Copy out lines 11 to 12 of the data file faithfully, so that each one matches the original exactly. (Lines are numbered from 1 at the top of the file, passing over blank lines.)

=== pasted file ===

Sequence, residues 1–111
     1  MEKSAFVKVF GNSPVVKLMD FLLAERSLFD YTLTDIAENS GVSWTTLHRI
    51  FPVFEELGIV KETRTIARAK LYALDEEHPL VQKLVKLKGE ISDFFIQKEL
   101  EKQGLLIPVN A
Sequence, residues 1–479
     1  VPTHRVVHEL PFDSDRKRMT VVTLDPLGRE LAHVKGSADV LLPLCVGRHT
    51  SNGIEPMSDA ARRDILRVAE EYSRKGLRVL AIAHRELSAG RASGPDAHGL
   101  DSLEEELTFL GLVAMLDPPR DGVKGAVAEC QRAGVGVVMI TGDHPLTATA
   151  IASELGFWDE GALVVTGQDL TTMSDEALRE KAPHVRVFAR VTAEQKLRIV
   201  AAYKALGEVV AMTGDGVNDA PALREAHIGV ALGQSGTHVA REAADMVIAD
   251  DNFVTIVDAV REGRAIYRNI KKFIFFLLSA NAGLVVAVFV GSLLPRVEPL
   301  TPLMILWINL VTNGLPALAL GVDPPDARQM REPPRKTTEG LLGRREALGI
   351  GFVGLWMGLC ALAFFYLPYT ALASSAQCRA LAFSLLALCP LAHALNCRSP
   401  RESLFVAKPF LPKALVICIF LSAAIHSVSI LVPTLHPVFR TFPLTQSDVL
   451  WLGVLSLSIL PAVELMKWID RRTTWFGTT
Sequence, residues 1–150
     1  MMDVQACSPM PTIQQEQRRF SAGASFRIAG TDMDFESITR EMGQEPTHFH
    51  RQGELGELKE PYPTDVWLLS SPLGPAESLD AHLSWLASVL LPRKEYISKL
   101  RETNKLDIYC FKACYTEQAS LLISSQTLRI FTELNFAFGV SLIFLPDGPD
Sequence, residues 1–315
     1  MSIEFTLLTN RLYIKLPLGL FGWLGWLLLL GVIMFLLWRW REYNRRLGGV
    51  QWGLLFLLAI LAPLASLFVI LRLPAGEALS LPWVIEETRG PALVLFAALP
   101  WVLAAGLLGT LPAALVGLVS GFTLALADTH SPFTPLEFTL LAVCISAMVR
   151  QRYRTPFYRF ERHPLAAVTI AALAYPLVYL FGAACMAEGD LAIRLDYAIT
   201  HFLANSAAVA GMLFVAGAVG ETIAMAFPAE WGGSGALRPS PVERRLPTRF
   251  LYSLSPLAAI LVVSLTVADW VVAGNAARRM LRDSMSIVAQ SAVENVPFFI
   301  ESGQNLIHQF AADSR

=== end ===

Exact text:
   251  DNFVTIVDAV REGRAIYRNI KKFIFFLLSA NAGLVVAVFV GSLLPRVEPL
   301  TPLMILWINL VTNGLPALAL GVDPPDARQM REPPRKTTEG LLGRREALGI